Taxonomy [top]

Kingdom Phylum Class Order Family
Animalia Chordata Aves Galliformes Phasianidae

Scientific Name: Perdix perdix
Species Authority: (Linnaeus, 1758)
Regional Assessments:
Common Name(s):
English Grey Partridge, Gray Partridge, Partridge
Taxonomic Source(s): del Hoyo, J., Collar, N.J., Christie, D.A., Elliott, A. and Fishpool, L.D.C. 2014. HBW and BirdLife International Illustrated Checklist of the Birds of the World. Lynx Edicions BirdLife International.

Assessment Information [top]

Red List Category & Criteria: Least Concern ver 3.1
Year Published: 2012
Date Assessed: 2012-05-01
Assessor(s): BirdLife International
Reviewer(s): Butchart, S. & Symes, A.
Facilitator/Compiler(s): Butchart, S., Ekstrom, J., Khwaja, N.
This species has an extremely large range, and hence does not approach the thresholds for Vulnerable under the range size criterion (Extent of Occurrence <20,000 km2 combined with a declining or fluctuating range size, habitat extent/quality, or population size and a small number of locations or severe fragmentation). Despite the fact that the population trend appears to be decreasing, the decline is not believed to be sufficiently rapid to approach the thresholds for Vulnerable under the population trend criterion (>30% decline over ten years or three generations). The population size is extremely large, and hence does not approach the thresholds for Vulnerable under the population size criterion (<10,000 mature individuals with a continuing decline estimated to be >10% in ten years or three generations, or with a specified population structure). For these reasons the species is evaluated as Least Concern.
Previously published Red List assessments:
2009 Least Concern (LC)
2008 Least Concern (LC)
2004 Least Concern (LC)
2000 Lower Risk/least concern (LR/lc)
1994 Lower Risk/least concern (LR/lc)
1988 Lower Risk/least concern (LR/lc)

Geographic Range [top]

Range Description: Perdix perdix occurs throughout much of the western Palearctic, with a native range encompassing Portugal, Spain, France, the Netherlands, Germany, Ireland, the United Kingdom, Norway, Sweden, Finland, Belgium, Luxembourg, Denmark, Poland, Estonia, Latvia, Lithuania, Russia, Belarus, Ukraine, the Czech Republic, Slovakia, Switzerland, Liechtenstein, Austria, Italy, Hungary, Slovenia, Croatia, Bosnia and Herzegovina, Serbia, Romania, Moldova, The Former Yugoslav Republic of Macedonia, Bulgaria, Greece, Turkey, Armenia, Georgia, Azerbaijan, Iran, Kazakhstan and China (del Hoyo et al. 1994). The subspecies italica, endemic to parts of Italy, has been extinct since the 1980s as a result of hybridisation with introduced individuals of the nominate subspecies (Liukkonen-Anttila et al. 2002).
Countries occurrence:
Albania; Andorra; Armenia (Armenia); Austria; Azerbaijan; Belarus; Belgium; Bosnia and Herzegovina; Bulgaria; Canada; China; Croatia; Czech Republic; Denmark; Estonia; Finland; France; Germany; Greece; Hungary; Iran, Islamic Republic of; Ireland; Italy; Kazakhstan; Latvia; Lithuania; Luxembourg; Macedonia, the former Yugoslav Republic of; Moldova; Montenegro; Netherlands; Norway; Poland; Romania; Russian Federation; Serbia (Serbia); Slovakia; Slovenia; Spain; Sweden; Switzerland; Turkey; Ukraine; United Kingdom; Uzbekistan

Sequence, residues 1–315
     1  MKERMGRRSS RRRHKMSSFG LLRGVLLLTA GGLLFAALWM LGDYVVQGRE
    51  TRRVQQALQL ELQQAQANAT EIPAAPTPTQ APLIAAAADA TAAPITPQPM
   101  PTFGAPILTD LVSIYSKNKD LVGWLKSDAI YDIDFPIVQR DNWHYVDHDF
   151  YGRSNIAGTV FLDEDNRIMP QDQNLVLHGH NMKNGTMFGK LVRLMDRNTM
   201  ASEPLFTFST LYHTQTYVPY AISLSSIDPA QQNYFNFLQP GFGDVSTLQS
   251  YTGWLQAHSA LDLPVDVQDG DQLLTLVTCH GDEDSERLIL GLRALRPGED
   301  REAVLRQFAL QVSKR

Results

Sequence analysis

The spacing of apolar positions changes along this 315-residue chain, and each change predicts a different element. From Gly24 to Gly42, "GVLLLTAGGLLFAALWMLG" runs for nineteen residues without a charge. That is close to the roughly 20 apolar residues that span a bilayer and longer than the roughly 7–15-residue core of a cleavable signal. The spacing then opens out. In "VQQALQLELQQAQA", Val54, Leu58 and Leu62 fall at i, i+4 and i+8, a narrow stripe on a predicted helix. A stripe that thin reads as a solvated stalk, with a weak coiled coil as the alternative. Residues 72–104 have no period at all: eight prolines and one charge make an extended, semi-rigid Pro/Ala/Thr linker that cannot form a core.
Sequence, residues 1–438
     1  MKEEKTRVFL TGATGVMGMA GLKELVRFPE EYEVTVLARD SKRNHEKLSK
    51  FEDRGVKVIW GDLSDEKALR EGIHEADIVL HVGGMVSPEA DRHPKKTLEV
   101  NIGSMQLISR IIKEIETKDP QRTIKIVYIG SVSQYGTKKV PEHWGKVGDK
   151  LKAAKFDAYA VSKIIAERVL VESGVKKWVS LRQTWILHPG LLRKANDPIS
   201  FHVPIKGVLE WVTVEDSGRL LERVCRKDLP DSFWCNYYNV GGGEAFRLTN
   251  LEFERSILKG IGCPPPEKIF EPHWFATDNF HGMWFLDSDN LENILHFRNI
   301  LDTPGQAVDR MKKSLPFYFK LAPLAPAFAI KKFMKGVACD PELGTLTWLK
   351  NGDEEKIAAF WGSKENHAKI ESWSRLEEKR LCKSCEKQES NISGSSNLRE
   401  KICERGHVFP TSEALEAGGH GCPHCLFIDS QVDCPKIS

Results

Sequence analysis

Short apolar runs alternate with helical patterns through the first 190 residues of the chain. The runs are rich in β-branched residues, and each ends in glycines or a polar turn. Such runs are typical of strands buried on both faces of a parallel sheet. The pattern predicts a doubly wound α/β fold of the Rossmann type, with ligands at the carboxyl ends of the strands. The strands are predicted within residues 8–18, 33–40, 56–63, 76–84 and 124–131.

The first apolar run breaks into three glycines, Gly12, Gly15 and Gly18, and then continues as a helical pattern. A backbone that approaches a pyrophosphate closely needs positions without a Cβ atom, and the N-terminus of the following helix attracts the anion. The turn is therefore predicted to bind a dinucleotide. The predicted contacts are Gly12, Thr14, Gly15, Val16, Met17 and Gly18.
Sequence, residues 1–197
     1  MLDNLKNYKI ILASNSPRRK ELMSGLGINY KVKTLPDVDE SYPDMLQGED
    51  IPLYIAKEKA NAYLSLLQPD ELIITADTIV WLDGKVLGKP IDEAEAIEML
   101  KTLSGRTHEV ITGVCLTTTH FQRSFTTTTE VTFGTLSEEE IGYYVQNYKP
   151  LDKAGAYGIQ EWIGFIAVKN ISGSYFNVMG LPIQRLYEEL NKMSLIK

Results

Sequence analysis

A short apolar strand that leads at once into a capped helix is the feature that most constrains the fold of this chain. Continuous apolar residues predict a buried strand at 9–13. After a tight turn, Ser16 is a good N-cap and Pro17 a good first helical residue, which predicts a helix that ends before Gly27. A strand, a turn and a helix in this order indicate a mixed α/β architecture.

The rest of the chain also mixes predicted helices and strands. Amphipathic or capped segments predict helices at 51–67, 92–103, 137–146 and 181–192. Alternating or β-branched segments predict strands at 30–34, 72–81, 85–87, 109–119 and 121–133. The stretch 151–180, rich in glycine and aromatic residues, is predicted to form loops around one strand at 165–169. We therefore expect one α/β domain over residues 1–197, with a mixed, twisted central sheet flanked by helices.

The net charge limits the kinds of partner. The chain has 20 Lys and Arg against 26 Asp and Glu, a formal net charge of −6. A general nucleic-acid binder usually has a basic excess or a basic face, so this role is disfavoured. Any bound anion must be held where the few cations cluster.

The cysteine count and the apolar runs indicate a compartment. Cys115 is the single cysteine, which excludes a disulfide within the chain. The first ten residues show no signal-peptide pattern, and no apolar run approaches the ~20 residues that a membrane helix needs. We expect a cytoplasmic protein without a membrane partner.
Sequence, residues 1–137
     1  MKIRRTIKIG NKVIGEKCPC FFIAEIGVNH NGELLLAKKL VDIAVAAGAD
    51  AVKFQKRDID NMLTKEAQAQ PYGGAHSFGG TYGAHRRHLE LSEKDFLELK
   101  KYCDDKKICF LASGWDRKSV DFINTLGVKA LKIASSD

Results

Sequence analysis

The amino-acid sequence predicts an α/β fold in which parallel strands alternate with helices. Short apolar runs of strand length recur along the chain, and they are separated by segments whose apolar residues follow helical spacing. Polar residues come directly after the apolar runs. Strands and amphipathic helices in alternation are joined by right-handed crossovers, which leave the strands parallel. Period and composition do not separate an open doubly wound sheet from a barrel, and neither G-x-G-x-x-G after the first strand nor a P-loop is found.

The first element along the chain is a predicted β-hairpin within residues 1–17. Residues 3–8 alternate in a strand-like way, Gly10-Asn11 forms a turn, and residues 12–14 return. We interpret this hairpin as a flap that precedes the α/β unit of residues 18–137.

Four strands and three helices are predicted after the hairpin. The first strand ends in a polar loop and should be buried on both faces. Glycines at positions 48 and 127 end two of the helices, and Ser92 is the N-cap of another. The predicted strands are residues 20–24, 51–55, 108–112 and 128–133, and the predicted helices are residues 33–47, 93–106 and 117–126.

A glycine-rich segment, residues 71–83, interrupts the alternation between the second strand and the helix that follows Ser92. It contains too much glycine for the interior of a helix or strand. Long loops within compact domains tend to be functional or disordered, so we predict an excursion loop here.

Possibly extinct:
Regionally extinct:
United States
Continuing decline in area of occupancy (AOO): Unknown
Extreme fluctuations in area of occupancy (AOO): No
Estimated extent of occurrence (EOO) - km2: 10000000
Continuing decline in extent of occurrence (EOO): Unknown
Extreme fluctuations in extent of occurrence (EOO): No
Continuing decline in number of locations: Unknown
Extreme fluctuations in the number of locations: No
Range Map: Click here to open the map viewer and explore range.

Population [top]

Population: Rich et al. (2004) estimated the global population to number 4,000,000 individuals. In Europe, the breeding population is estimated to number 1,600,000-3,100,000 breeding pairs, equating to 4,800,000-9,300,000 individuals (BirdLife International 2004). Europe forms 25-49% of the global range, so a revised estimate of the global population size is 5,000,000-10,000,000 individuals, although further validation of this estimate is needed.

Trend Justification:  This species has suffered a marked decline in all parts of its native range owing to habitat loss and degradation caused by agricultural intensification and loss of insect prey caused by pesticides (del Hoyo et al. 1994). In Europe, trends since 1980 show that populations have undergone a steep decline (p<0.05), based on provisional data for 21 countries from the Pan-European Common Bird Monitoring Scheme (EBCC/RSPB/BirdLife/Statistics Netherlands; P. Vorisek in litt. 2008).
For further information about this species, see 22678911_perdix_perdix.pdf.
A PDF viewer such as Adobe Reader is required.
Current Population Trend: Decreasing
Additional data:
Continuing decline of mature individuals: Unknown
Extreme fluctuations: No Population severely fragmented: No
Continuing decline in subpopulations: Unknown
Extreme fluctuations in subpopulations: No All individuals in one subpopulation: No

Habitat and Ecology [top]

Citation: BirdLife International. 2012. Perdix perdix. The IUCN Red List of Threatened Species 2012: e.T22678911A38596615. . Downloaded on 08 October 2015.
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